EDtv

1999 PG-13 2h 4m DVD

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EDtv

1999 PG-13 2h 4m DVD
  • Overview
  • Details
  • Cast
From his dead-end job to dealing with his deadbeat brother (Woody Harrelson), the things that comprise Ed's (Matthew McConaughey) life don't amount to much. But when a television executive puts Ed in front of the camera 24 hours a day, his now-public existence gets much more interesting. Director Ron Howard explores Ed's newfound fame -- and the discontentment that grows among his family and friends. Jenna Elfman co-stars.
Format
DVD
Screen
Widescreen Anamorphic 1.85:1
Subtitles
None
CC
Yes
Audio
English: Dolby Digital 2.0 Surround, French: Dolby Digital 2.0 Surround, English: Dolby Digital 5.1
Rating
PG-13 - Some material may be inappropriate for children under 13. Parents are urged to be cautious. Some material may be inappropriate for pre-teenagers.
age 13+
Common Sense rating OK for kids 13+
  • Matthew McConaughey
  • Woody Harrelson
  • Jenna Elfman
  • Ellen DeGeneres
  • Elizabeth Hurley
  • Sally Kirkland
  • Martin Landau
  • Rob Reiner
  • Dennis Hopper
  • Adam Goldberg
  • Geoffrey Blake
  • Ian Gomez
  • RuPaul
  • Rusty Schwimmer
  • Gedde Watanabe
  • Sam Rubin
  • Michael Moore
  • Harry Shearer
  • George Plimpton
  • Bill Maher
  • Jay Leno
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Reviews

age 13+

Common Sense Note

Parents need to know that 1999's EDtv is a comic satire of reality TV before the genre exploded over the airwaves. Anticipating a time when television stars were made because they confronted neighbors, hoarded garbage, or intimidated underlings, the movie sends up the kind of celebrity that emerges simply because a shared audience can't turn away. The only thing that sets hero Ed Pekurny and his dysfunctional family apart from later TV pseudo-stars is that he's up close and personal on the screen EVERY DAY, ALL THE TIME. Sexual behavior -- smooching, leering, partial nudity, foreplay, language, adultery -- plays a central part in the story, and profanity and insults ("pissed off," "asshole," "s--t," "p---y," "goddamn," "bastard") are frequent. Because rampant commercialism and advertising are key targets of the filmmakers, products and brands are on-screen throughout the movie, almost continuously. A character dies off camera. Some scenes show drinking and smoking; pills are referred to; one player gets intoxicated.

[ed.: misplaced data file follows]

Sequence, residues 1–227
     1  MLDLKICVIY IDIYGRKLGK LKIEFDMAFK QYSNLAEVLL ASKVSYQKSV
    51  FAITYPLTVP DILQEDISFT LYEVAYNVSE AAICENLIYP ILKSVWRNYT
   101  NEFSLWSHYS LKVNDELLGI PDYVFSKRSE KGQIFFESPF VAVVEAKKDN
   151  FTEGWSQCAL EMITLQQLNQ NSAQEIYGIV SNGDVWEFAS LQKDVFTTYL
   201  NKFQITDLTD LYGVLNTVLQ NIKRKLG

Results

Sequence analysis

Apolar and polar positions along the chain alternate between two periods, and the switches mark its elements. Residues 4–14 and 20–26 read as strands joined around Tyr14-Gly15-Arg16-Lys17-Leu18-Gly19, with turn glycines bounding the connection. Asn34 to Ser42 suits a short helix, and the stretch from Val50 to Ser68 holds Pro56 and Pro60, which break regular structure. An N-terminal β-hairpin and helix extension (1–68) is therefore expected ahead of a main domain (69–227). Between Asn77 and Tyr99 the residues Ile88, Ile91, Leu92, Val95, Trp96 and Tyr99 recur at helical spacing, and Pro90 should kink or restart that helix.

Sexual Content

Sexual innuendo, leering, kissing throughout. References to: erections, masturbation infidelity, penile implants, dying from a heart attack while engaged in sexual activity. A partially nude woman is seen from behind wearing thong underwear; a couple starts to undress during foreplay (bare shoulders seen); a man and a woman are shown in the throes of passion and foreplay until the man falls to the floor. Story elements include cheating on a partner or spouse, lying about sexual encounters, dealing with prolonged celibacy, and the nature of privacy during sexual activity.

Violence

Two brothers scuffle briefly. A character is pushed to the floor by a nightclub crowd.

Language

Frequent coarse language, swearing, insults, and sexual dialogue: "hell," "s--t," "asshole," "pissed off," "horse's ass," "goddamn," "bastard," "sniffing my balls," "he's a bad lay," "p---y," "bed wetter," "men suck," "schmuck," and "putz." A female producer gives her coworkers the finger. A prominent book title is My Brother Pissed on Me.

Social Behavior

Shines a light on commercialism, false celebrity, diminishing privacy and dignity, and mob mentality. Asks the compelling question: Are people famous for being special or special for being famous?

Consumerism

In keeping with the film's satiric premise of commercialization and exploitation by media and other corporations, identifiable products and retail establishments (some real, some fictional) are visible and featured almost nonstop throughout the film. Among them: Pepsi-Cola, Miller Lite, KFC, UPS, Camry, Bud Light, Ghirardelli, USA Today, Kellogg's, Hummer, Saturn, People magazine, Motorola, and numerous San Francisco-based businesses (Gino & Carlo, Sodini's, Desmond Hotel).

Drugs / Tobacco / Alcohol

The hero wears beer on a cord around his neck. Scenes in bars and a pool hall show characters drinking beer and other alcoholic beverages. Drinks are served in social situations. The leading lady is intoxicated in one scene. One man smokes.

  • Age appropriate
  • Not an issue
  • Depends on your child and your family
  • Parents strongly cautioned
  • Not appropriate for kids of the age

This information for parents is provided by Common Sense Media, a non-profit organization dedicated to improving kids' media lives.

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